Long Island Sound Study Celebrates “Women in Science” for Women’s History Month

This article spotlights a sample of women involved in Long Island Sound Study-related activities. 

In March 1987, Congress established Women’s History Month1 to honor the contributions of women throughout American history. Many of these accomplishments were in the field of science, including the nation’s first state water-quality standard, which was determined by sanitary chemistry pioneer Ellen H. Swallow Richards in 18902. Contributions from women involved with the Long Island Sound Study program include water monitoring, research, education, conservation, and restoration efforts throughout the Sound.

A grid mosaic of photos of the women in science featured, overlayed with the Long Island Sound Study logo.
A photo mosaic of women engaged in various science-based activities on Long Island Sound.
Dr. Syma Alexi Ebbin sits on a rock and smiles, holding a camera.
Credit: Syma A. Ebbin

Research Coordinator at Connecticut Sea Grant and Professor in Residence at UConn

Dr. Ebbin administers competitive research funding programs for the Long Island Sound Study and Connecticut Sea Grant. Additionally, she engages in social science research on offshore wind developments, ports, cable landfalls, coastal communities, and the blue economy in Connecticut.

PhD Candidate at UConn

Madeline Kollegger crouches and takes a selfie in the field.
Credit: Madeline Kollegger

Kollegger studies coastal wetland restoration on Long Island Sound and shares her research on Instagram. She is involved in several restoration projects along the Connecticut coastline. Her work involves collecting a variety of samples, such as soil, porewater, greenhouse gas, and conducting vegetation surveys to see how Great Meadows Marsh in Stratford, CT has changed following restoration efforts. Kollegger also researches how soil amendments can be used to prevent the development of acid-sulfate soils in sediment addition projects.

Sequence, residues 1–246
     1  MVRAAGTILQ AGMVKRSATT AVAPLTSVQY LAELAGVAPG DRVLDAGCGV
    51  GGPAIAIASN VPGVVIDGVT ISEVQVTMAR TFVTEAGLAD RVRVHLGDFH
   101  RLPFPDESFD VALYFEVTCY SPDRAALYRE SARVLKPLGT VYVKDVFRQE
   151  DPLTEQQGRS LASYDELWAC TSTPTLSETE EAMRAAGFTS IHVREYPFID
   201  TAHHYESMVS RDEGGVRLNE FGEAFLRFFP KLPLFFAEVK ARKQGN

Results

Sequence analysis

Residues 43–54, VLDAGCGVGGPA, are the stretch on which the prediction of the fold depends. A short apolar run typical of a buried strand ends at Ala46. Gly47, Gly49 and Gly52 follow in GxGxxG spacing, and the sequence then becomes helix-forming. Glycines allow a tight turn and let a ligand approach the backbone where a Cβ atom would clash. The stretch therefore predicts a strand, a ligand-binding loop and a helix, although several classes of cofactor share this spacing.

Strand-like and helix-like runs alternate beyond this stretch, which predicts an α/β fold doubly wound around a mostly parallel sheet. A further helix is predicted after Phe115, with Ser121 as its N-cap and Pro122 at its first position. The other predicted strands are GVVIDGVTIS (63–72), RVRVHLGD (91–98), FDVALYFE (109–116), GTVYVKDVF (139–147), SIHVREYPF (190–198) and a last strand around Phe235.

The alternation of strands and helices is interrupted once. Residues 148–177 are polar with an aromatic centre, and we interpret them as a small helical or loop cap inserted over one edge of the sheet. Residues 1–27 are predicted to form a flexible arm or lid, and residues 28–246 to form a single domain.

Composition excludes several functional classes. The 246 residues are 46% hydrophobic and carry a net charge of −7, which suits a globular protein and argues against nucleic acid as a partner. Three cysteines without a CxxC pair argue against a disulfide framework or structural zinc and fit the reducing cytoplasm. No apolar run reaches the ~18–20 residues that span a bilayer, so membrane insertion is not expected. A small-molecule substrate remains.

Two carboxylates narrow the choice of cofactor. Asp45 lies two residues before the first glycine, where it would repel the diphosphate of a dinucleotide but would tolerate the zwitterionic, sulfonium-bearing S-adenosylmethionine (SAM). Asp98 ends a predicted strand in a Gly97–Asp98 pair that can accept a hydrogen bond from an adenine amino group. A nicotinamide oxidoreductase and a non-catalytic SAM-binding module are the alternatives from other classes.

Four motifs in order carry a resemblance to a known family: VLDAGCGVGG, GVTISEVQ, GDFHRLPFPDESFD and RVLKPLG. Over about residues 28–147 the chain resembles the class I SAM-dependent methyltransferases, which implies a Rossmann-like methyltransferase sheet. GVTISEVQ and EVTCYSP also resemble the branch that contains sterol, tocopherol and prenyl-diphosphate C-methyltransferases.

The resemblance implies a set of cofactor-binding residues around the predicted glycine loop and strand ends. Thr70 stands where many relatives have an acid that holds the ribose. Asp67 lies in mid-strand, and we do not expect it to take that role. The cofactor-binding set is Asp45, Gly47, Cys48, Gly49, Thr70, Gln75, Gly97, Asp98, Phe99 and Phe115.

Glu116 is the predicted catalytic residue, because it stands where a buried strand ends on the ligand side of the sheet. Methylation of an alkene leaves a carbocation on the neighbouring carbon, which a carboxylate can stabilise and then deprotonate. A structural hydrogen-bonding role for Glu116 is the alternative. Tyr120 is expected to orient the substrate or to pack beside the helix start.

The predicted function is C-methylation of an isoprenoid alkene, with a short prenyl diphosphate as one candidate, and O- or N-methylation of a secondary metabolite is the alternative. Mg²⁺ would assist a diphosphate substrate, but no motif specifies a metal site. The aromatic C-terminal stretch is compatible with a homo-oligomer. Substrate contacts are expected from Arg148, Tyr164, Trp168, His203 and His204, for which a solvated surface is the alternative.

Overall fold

LISS Groups: Habitat Restoration and Stewardship Work Group, Climate Change and Sentinel Monitoring Work Group, Thriving Habitats and Abundant Wildlife CCMP Writing Team

A headshot of Dr. Diane Greenfield.
Credit: Diane Greenfield

Associate Professor at CUNY Advanced Science Research Center and Queens College

Dr. Greenfield is a biological oceanographer who combines fundamental ecology with molecular tools to study feedback between human activity and ecological/biogeochemical processes within coastal ecosystems. Her research emphasizes phytoplankton, as they influence biogeochemical cycling, productivity, and climate. Dr. Greenfield’s work focuses on the causes and consequences of harmful algal blooms, hypoxia, and associated planktonic processes. Currently, she is studying the spatial and temporal factors that regulate nutrient-microbiome dynamics within Long Island Sound and nearby embayments, as well as integrating new and more accurate molecular and observatory technologies to inform management strategies.